I had lofty goals for this spring break week that I am working on. Starting tomorrow.
But during my laid back, still-wearing-pajamas-and-blog-hopping at noon
I'm not from Kansas originally, so it feels weird to say that I'm a Kansas blogger! Also, not great at the blogging thing, so maybe I'm just a Kansas Blogger Imposter. That should have been my blog name. Rats. I honestly don't know how all you blogger maniacs are keeping up with everthing- but I do love learning about it all!
I did do one productive thing so far this Spring Break- and that was finish up my Crypto Challenge poster set. We play the Crypto Challenge in my classroom every week and it is a super challenge for the kids- especially those that love math and want to stretch their brain muscles!
If you've never played the game Krypto, you can find it for $12 on Amazon. It's not sold in stores anymore, so it can be hard to find. I love the game and it does serve it's purpose sometimes in the classroom, but sometimes we don't have time for a whole "game". I went to a great Greg Tang conference a few years ago (holy cow he is a math WIZ!) and he could come up with solutions INSTANTLY. It blew my mind. That's why I put the posters together. Students put a new Crypto Challenge up each week and then turn in the equations they made. In the past I've offered this as an "extra challenge/extra credit" but now I'm switching it to a center activity, so I went ahead and made 30 beginner posters and 5 intermediate posters. We can put different numbers up every week, but I wanted something already made and easy to grab-n-go. Make it a student job each week and it's done for you!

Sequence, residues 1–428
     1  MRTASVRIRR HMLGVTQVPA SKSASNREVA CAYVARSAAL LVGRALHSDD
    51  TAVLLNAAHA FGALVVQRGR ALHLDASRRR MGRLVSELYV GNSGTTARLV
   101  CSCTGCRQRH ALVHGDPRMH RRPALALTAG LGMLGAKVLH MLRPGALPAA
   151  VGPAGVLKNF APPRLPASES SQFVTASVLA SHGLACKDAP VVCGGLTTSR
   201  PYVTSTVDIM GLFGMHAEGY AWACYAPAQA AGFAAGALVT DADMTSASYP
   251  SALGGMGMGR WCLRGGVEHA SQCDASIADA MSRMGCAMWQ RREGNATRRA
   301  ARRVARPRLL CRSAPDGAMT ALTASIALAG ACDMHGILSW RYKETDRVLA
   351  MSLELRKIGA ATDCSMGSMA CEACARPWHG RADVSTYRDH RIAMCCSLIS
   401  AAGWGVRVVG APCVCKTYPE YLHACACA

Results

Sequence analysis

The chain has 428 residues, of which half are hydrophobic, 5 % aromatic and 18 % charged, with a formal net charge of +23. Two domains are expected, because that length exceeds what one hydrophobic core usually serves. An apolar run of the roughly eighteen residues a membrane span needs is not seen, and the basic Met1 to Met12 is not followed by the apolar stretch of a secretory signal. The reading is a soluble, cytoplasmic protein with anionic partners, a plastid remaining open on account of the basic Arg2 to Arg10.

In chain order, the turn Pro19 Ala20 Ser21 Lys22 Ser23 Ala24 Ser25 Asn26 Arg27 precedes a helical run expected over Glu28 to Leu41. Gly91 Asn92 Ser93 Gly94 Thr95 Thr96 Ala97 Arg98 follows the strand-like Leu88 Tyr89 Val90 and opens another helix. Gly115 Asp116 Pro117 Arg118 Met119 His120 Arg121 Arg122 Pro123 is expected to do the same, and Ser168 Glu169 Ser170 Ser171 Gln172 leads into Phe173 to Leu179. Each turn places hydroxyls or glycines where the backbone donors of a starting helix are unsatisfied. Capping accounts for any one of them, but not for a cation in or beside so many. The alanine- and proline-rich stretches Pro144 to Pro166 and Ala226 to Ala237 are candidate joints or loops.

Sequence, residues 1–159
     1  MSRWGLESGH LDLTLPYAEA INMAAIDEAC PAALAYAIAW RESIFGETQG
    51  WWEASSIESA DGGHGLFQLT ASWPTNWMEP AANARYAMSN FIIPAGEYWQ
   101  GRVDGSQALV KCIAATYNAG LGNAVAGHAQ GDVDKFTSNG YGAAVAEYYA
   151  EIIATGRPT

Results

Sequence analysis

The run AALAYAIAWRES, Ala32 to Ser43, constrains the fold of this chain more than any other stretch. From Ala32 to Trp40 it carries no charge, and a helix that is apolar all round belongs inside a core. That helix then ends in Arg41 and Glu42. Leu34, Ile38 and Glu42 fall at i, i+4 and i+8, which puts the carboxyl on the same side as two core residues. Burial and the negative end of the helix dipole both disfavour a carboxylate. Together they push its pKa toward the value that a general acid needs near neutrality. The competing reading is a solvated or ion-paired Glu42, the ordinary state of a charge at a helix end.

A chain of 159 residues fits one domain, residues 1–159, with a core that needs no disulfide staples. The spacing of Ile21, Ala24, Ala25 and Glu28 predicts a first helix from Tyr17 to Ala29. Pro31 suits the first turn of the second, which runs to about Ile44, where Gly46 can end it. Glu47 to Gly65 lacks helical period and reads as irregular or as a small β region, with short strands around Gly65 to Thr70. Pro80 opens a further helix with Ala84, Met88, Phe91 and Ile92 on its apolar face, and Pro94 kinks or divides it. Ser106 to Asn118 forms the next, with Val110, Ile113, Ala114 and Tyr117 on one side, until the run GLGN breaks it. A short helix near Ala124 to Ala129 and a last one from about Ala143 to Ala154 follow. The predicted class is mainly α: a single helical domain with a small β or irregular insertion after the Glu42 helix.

The posters at my TpT store look like this:
The rules are super easy- using the 5 numbers on top only once, students can use any operations (add/subtract/multiply/divide) to get to the target number (in this case, 8). So for instance, students could turn in :
I find the Crypto Challenge super hard to do, so lots of my students beat me to a solution. The best part is they don't all get the same solution, so it challenges them to come up with more. See who can get the most! See who can get it first! Play like Boggle and knock each other out! So really, it could be set up as a game or a center...or just a fun math challenge in the classroom. The other thing that is fabulous about it, is that the students naturally differentiate the activity. Some students will naturally stick to the basic math operations, but others will start grouping numbers with parentheses, or try harder equations to manipulate the game. Makes me smile! Either way, we love it in room 112.
Off to dig into a wonderful book- since I've already committed to working on my lofty goals tomorrow...